Summer is upon us, which means three months of juggling work, kids, and fun has begun. I feel guilty for admitting it, but in years past I dreaded the start of summer. The kids were so little and exhausting, and for many years I would always have a flare of my Lyme Disease that coincided with their release from school (stress related, obviously). I often felt like I was crawling through the days and not really succeeding at anything.
Some time before Daylight Savings, as I stood in the encroaching afternoon darkness, folding laundry after a long work day, I sent a text of desperation to two friends that read, “I have to get out of here. Trip to NYC???” I think we had our trip booked seven minutes later.
We’re home from a fantastic vacation to Mexico, feeling recharged, relaxed and excited for a fast and furious spring full of events and lots of wine. When your job is wine, the best part of a vacation to Mexico (besides body surfing with those handsome boys!) is the LACK of wine.
This winter has us like meeeeeeeeeeeehhhhhhhhhh. I’m not necessarily complaining, and I’m not trying to jinx us into 100 inches of snow, but we’re New Englanders. We need snow, and we need sweatpant-wearing snow days by the roaring fire. Part of why we live here is because we enjoy having four seasons, even if part of the joy is bitching endlessly about one or more of them! The lack of snow has me, at least, feeling very blah.
TJ and I have been lucky to go on quite a few wine travel trips in the past several years. TJ goes more often than I do, but I’ve stood in enough vineyards in the past three years to know that everyone is struggling with one undeniable issue: global warming is affecting their grapes. For some the vineyards are getting too hot. For others the sun seems to have disappeared completely. For others, bud break happens too late, while in other areas ripening happens too soon. The issues may differ, but the nervousness these farmers feel is undeniable.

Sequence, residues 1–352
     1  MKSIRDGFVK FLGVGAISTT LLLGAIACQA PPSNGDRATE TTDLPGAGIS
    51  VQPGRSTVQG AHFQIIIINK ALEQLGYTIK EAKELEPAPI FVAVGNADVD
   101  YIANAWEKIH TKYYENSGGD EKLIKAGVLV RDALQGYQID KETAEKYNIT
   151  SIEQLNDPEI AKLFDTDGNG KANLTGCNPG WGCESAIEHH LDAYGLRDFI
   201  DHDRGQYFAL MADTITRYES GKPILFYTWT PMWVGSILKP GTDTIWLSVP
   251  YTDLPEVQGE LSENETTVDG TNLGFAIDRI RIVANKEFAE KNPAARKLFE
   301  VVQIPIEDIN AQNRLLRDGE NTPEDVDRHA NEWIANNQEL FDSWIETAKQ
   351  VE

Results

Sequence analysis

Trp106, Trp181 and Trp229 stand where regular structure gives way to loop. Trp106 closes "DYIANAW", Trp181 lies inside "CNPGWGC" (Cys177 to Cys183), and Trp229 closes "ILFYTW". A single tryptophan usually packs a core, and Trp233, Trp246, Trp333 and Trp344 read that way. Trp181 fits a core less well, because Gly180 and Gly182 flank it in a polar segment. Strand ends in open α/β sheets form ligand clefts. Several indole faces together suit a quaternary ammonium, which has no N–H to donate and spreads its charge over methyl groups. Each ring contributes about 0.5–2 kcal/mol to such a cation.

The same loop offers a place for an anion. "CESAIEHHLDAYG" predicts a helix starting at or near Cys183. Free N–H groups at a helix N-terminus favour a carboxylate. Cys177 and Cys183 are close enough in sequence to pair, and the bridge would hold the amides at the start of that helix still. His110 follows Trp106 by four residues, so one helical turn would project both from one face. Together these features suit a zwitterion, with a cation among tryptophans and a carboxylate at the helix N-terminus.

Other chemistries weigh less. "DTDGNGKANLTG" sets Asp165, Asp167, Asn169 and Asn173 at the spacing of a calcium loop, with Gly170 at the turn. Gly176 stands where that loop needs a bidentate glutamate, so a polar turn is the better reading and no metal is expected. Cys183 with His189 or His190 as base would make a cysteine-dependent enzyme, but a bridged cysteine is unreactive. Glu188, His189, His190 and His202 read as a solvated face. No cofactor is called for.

It’s hard to know where to start in recapping our trip to Italy. The food, the wine, the sites, and the indelible moments that define a fantastic vacation are sometimes hard to unravel and explain when you return home.
*We are lucky to have a passionate and educated staff at UG, and we want you to be able to get to know them better. Part of the way we’ve done this is to put Staff Picks up around the store. We’re also bringing back the weekly staff blogs which were so popular last spring. First up is Yoko with a story about working harvest in Germany!
The more I learn, the more I realize how much there is to learn, and that is how I see wine study. Once I learn 10 things, 100 more things appear in front of me and once I learn these 100 things, there will be 1,000 more things to learn and this continues infinitely. The study of wine is more than just learning viticulture (growing grapes) and vinification (wine making) but also history, geography, climate, biology, chemistry, culture, legal structure/system, economy, agriculture… the list goes on. Being an extreme case of Gemini, I am always looking for something new and exciting, and it is the nature of wine study that motivates me to get up in the morning, hoping to discover something I did not know yesterday. On the other hand, I used to feel like I was swimming in the ocean filled with books and study materials, not knowing where I was heading, but continued to swim so that I did not drown. Then there was weakness, which made this swimming process more difficult. In my case, my weakness was the wine of Germany from the day one. Since “the best way to conquer fear is to confront it”, I decided to get my hands dirty and headed to Mosel, Germany in the fall of 2011 to work for the harvest for 6 weeks.